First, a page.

Climate youth protests have highlighted the radical space of the streets. As many students cannot participate in such action, we ask what a radical space of schooling might look like in response to the climate crisis.
Looking back at radical youth climate action
It was Friday 20th September 2019 in an English coastal town. There were 10,000 children and young people marching through the streets, knowing that millions of others were doing likewise across the globe. We were there as citizens, as parents and as researchers. The frisson and excitement of the young protestors was palpable; the call to action from Greta Thunberg had evidently sparked creative imaginaries, seen in the waves of colour of placards and costumes. The usually subdued weekday seafront had exploded into sound. The intermingling of the shrillness of gulls and protestors’ whistles signalled a sense of urgency, while the rhythmic drumming and chanting emphasised collective action. We were held captive under the unseasonable heat of an autumnal sun.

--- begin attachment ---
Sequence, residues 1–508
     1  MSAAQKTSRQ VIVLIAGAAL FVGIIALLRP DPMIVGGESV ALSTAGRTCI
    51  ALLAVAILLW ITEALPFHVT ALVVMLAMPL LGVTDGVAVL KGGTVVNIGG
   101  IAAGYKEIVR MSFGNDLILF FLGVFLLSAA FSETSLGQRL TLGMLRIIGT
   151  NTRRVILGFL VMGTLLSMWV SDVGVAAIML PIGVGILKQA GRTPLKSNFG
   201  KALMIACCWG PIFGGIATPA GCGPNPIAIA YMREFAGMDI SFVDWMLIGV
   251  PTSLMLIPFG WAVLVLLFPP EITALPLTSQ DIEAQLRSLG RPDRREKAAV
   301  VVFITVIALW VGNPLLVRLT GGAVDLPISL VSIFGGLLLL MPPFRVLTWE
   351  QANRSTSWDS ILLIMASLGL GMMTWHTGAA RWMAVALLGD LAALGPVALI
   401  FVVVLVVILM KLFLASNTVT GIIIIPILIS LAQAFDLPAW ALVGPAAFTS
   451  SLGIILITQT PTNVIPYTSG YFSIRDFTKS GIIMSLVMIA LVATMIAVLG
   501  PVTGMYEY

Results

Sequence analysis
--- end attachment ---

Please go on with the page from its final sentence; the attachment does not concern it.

Looking at the underlying tensions of youth protest
The unity of the march belied underlying frantic tensions. Local education authorities, school leaders, parents and students were navigating competing responsibilities to those out of school and on the streets. Stories circulated of staff barring students leaving the school gates and young people climbing over fences to join in. School leaders supportive of the right of young citizens to strike found themselves caught in a double bind: their safeguarding responsibilities meant prioritising the welfare and whereabouts of their students during a school day.